Rewarding staff pays off for Ashtead

The Investment Column

After a collapse in profits at Vibroplant last week, and in the wake of more than usually gloomy recent statements from Hewden Stuart, no one could really have expected profits from rival plant-hirer Ashtead to have been so buoyant in the year to April, or for chairman Peter Lewis to be so optimistic about prospects.

Profit before tax and exceptional items, up 35 per cent to pounds 18.3m (pounds 13.6m) suggested Ashtead was operating in a completely different market from its two big peers. Earnings per share were an impressive 27 per cent better at 14.3p, at which level they have quadrupled in three years, and the dividend was hiked 24 per cent to 3.07p. It has doubled over the same period.

In some ways it is true that Ashtead is operating in different markets. Unlike its rivals, the company has a sizeable US operation and Mr Lewis expects more than half of profits to come from America. The attraction of the US operation is that rental rates in that fragmented market can be as much as twice as high as in the UK, where recession and competition have knocked yields for six.

Ashtead also has a profitable survey and inspection hire business, based in Singapore, which supplies the offshore oil and gas markets. That and the US mean that Ashtead generates only about 30 per cent of its revenue directly from the UK construction industry compared with pretty much 100 per cent at the beginning of the 1990s.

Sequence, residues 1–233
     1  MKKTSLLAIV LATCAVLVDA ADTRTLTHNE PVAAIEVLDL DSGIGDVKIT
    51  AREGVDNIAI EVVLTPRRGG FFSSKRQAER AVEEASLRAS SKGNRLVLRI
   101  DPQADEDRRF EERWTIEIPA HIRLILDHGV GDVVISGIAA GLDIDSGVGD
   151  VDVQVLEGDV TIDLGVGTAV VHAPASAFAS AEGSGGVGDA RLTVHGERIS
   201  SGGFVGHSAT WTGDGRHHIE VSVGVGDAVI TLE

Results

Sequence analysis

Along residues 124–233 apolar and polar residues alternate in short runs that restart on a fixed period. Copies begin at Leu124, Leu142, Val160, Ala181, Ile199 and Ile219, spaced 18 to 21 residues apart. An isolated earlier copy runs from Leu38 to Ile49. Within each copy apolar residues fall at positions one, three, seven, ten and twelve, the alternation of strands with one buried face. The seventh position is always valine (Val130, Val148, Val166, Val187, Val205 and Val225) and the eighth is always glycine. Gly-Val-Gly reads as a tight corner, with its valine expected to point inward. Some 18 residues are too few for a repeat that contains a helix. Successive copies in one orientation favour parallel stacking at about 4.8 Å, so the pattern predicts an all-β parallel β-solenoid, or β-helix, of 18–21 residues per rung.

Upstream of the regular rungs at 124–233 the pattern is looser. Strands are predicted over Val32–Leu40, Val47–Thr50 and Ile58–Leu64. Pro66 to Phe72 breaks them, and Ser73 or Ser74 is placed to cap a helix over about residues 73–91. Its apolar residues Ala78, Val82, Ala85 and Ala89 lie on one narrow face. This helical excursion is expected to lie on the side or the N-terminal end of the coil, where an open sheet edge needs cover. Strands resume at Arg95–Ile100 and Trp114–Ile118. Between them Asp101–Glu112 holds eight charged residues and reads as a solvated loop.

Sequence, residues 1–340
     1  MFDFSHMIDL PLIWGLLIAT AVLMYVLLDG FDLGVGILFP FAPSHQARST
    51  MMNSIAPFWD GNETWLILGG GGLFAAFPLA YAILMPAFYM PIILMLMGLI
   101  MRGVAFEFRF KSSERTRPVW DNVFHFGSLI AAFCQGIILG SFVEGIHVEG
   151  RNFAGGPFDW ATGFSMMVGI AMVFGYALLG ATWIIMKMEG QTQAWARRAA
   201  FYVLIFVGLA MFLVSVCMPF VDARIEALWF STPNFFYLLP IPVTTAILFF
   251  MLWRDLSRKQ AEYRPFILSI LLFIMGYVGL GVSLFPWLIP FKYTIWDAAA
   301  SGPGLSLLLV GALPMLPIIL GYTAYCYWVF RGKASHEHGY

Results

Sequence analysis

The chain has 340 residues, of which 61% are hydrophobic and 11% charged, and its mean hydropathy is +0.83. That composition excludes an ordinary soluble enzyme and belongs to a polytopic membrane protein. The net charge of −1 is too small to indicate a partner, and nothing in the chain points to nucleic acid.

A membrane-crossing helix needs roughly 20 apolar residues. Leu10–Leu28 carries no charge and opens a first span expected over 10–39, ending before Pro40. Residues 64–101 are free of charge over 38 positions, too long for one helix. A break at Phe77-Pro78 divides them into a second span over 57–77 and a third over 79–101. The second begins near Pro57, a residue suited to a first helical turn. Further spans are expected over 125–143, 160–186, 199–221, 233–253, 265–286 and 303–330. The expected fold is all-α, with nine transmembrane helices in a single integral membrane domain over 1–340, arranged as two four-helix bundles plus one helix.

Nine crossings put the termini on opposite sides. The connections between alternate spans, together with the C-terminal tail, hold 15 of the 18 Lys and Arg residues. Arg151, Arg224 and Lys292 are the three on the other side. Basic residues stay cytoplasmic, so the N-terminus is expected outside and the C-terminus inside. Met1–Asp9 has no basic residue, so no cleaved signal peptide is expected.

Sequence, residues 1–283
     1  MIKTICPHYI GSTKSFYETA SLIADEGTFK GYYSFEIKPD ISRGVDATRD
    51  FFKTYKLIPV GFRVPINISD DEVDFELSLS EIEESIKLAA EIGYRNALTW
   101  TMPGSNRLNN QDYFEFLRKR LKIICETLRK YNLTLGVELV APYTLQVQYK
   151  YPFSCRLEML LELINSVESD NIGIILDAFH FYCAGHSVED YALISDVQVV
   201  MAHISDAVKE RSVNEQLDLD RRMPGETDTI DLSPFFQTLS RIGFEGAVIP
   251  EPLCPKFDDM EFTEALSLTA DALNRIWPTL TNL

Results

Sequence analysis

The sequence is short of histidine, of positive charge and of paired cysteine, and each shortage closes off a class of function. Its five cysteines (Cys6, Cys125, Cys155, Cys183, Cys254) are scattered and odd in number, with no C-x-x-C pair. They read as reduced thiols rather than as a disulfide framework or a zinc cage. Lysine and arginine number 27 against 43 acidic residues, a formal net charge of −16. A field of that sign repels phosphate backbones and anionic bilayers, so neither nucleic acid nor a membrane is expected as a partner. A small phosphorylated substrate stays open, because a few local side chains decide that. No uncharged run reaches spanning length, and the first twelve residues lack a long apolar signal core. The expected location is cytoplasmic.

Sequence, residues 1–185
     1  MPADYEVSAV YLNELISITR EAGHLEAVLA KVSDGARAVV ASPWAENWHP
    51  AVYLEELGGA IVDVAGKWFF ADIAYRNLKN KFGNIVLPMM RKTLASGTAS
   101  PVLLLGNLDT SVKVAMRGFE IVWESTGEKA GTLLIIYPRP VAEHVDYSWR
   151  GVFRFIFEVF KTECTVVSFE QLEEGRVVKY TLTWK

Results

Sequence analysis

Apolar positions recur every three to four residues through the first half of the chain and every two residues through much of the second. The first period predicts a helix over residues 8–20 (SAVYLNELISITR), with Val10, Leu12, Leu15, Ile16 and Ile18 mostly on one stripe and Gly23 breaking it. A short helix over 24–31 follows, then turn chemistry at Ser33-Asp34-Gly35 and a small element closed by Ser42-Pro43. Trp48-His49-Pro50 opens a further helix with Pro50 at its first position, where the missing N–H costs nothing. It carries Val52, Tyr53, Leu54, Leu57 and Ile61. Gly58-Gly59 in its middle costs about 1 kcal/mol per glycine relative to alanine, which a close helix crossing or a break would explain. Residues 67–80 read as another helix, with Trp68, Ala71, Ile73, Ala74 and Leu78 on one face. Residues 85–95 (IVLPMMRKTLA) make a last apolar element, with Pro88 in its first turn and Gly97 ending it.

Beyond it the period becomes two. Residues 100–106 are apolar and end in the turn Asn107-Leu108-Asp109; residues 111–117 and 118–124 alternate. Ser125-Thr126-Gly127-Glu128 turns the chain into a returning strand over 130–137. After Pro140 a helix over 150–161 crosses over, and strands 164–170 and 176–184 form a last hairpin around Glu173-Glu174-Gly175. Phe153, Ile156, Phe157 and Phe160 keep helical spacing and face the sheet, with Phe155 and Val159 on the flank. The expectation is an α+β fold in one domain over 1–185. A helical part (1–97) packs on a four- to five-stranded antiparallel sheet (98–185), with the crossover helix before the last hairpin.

The real key to Ashtead's success, however, is not the markets it operates in, which are no better or worse than its peers. It is the way it conducts its business, and especially the profit-related pay structures it has built into staff contracts which ensure that every depot is a profit centre and each employee is to a fairly large extent an owner of the business.

Importantly, profit-related bonuses are paid the month after the period to which they relate, which means that staff get a very real and rapid reward for extra effort. That creates a virtuous circle of positive thinking which has been reflected in the first two months of the current year with a 21 per cent rise in like-for-like sales growth despite no overall improvement in the market.

After a one-for-two rights issue in the spring to fund two big acquisitions, there will inevitably be a period of earnings consolidation and certainly growth would appear to be slowing quite markedly this year to perhaps less than 10 per cent, a considerable decline compared with recent periods.

That is likely to put the brakes on the shares, which have grown relentlessly since 1992 to yesterday's 174p, down 1p on the day. On a prospective p/e ratio of about 12, with two big acquisitions to bed in, and with pretty unfavourable sentiment in the sector, that is probably high enough for the time being. A class act, but fully priced.

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